It's Now Illegal to Sneakily Photoshop Models in French Ads

Gina Marinelli

It’s been eight years in the making but France has officially passed a law that will help improve harmful images in advertising. According to WWD, the latest law mandates that brands will have to be totally transparent about retouching images in its campaigns. It’s a move that’s beneficial for fashion lovers and body positivity crusaders alike.

As WWD reports, as of October 1, 2017, any modified photograph used for a campaign must include the words “photographie retouchée” (or “retouched photo” in French) in order to let the public know when a person’s appearance has been altered. While you may already agree that fashion, in general, needs more diversity when it comes to body size and shape, this law will hopefully begin to empower the public to know when an image has been changed to portray a truly unrealistic standard of beauty.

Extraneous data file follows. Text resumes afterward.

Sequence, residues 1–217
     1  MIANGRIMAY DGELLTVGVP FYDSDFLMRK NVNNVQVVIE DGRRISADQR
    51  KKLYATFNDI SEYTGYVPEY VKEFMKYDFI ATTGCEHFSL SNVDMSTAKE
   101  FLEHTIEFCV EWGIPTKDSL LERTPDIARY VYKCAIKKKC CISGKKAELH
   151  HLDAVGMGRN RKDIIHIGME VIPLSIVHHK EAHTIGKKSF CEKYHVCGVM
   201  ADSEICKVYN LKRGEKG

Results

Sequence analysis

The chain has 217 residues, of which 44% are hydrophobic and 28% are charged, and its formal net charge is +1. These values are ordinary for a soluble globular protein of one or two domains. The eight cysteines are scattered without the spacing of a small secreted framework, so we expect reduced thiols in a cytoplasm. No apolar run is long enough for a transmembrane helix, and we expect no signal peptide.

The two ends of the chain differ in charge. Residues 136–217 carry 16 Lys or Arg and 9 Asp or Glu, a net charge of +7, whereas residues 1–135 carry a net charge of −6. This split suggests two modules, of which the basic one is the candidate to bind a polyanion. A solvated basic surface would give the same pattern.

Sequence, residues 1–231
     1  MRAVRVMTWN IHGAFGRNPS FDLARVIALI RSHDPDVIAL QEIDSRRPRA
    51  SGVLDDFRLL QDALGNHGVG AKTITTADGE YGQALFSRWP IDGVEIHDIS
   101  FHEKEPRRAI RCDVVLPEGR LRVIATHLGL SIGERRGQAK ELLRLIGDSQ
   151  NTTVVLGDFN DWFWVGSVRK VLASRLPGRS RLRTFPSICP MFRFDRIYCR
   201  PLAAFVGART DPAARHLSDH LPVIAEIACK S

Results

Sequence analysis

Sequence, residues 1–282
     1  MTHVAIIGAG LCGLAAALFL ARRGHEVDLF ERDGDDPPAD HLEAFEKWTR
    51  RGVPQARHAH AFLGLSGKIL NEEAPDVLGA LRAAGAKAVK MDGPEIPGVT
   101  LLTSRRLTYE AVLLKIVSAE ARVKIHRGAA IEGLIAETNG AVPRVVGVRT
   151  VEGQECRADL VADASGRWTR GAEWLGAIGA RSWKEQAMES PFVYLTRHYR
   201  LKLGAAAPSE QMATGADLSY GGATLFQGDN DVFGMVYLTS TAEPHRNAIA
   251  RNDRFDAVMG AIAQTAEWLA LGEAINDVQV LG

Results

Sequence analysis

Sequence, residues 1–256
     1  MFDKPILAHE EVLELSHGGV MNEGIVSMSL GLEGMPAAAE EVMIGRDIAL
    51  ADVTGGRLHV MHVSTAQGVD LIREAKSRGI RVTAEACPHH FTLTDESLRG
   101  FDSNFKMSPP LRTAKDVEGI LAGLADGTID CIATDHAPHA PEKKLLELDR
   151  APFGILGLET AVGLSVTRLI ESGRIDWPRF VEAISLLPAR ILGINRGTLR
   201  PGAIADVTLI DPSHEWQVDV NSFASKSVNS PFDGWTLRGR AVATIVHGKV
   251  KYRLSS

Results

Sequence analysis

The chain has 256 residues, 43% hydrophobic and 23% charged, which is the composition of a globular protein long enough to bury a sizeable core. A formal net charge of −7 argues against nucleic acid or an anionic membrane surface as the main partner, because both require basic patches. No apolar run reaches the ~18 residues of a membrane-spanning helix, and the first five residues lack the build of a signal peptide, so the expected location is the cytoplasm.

Furthermore, in a statement released today, Marisol Touraine, France’s Minister of Social Affairs and Health, expressed the importance of this regulation for those most impressionable: “Exposing young people to normative and unrealistic images of bodies leads to a sense of self-depreciation and poor self-esteem that can impact health-related behavior.”

Over the past several years, we’ve celebrated brands that have already made a commitment to staying Photoshop-free, including Aerie, Target, and Lonely. But France’s legal actions set a pretty impressive standard of transparency for us all.

Next up: See how fashion campaigns did when it came to representing diversity for spring 2017.

Explore: news, Ad Campaign

Add a Comment

More Stories
1